About Us

The Compact was formalized following the 2009 Southeast Florida Climate Leadership Summit, when elected officials came together to discuss challenges and strategies for responding to the impacts of climate change. The Compact outlines an ongoing collaborative effort among the Compact Counties to foster sustainability and climate resilience at a regional scale.

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Miami Dade County Logo_10-2014

“Five years ago, local leaders down here, Republicans and Democrats, formed the bipartisan Southeast Florida Regional Climate Change Compact — an agreement to work together to fight climate change. And it’s become a model not just for the country, but for the world. ”

– President Barack Obama

Compact News & Events

Recent News


Miami joins Southeast Florida Regional Climate Change Compact

The City of Miami has formally joined the Southeast Florida Regional Climate Change Compact as a municipal partner.

Recent News


The Architect’s Newspaper takes a deep dive into Florida

The Southeast Florida Regional Climate Compact is taking swift local action on sea level rise, allowing property developers to feel more secure in their plans to build up Miami’s skyline.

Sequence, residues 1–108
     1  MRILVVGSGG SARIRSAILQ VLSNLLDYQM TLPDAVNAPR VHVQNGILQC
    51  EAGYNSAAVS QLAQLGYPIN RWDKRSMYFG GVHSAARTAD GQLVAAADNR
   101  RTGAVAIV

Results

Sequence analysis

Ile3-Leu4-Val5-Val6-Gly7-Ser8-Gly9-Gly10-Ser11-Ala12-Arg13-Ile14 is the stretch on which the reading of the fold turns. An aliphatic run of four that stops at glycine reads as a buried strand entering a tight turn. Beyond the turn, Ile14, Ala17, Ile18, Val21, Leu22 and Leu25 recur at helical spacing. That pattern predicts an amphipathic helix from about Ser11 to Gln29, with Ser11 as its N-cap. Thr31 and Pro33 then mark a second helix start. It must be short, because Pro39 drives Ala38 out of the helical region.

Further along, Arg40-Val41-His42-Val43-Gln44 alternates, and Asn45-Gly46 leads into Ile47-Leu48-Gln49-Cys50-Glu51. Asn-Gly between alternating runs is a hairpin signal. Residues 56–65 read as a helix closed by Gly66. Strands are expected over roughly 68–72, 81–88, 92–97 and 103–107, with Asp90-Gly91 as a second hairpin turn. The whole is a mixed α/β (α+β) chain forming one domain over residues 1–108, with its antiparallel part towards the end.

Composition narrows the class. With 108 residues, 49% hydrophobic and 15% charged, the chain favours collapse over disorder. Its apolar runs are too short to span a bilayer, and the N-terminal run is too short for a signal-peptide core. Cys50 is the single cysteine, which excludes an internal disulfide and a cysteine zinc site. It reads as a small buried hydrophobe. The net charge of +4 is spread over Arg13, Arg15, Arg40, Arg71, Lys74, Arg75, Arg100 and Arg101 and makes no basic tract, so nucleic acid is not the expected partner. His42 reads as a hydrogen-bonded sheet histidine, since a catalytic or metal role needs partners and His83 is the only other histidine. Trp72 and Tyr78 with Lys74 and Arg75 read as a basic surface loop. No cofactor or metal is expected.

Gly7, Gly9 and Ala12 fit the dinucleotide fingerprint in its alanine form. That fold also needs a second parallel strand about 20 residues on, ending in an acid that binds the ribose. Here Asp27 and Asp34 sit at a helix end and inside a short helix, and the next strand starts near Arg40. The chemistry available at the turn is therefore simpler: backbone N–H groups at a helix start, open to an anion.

Recent News


Florida makes case for climate research at Mar-a-Lago’s doorstep

At a Senate field hearing on sea level rise, scientists and Sen. Bill Nelson (D-FL) emphasized the need for nonpartisan climate-related research to plan for climate change and protect people, property and the economy in South Florida.

Twitter Feed

.@univmiami professor Dr. Harold Wanless discusses #sealevelrise in Florida https://t.co/feegx3125D

About 3 days ago from SEFL Climate Compact's Twitter via Hootsuite





Regional Climate Action Plan


Developed through an extensive stakeholder engagement process, the Compact Partner Counties are pleased to announce the release of the Regional Climate Action Plan, which contains 110 recommendations for a more resilient Southeast Florida. To download the Plan and supporting appendices, go to the Compact Documents page.

“County governments estimate that the damages could rise to billions or even trillions of dollars. In and around Miami, local officials are grappling head on with the problem.”

– Coral Davenport, New York Times, May 7, 2014

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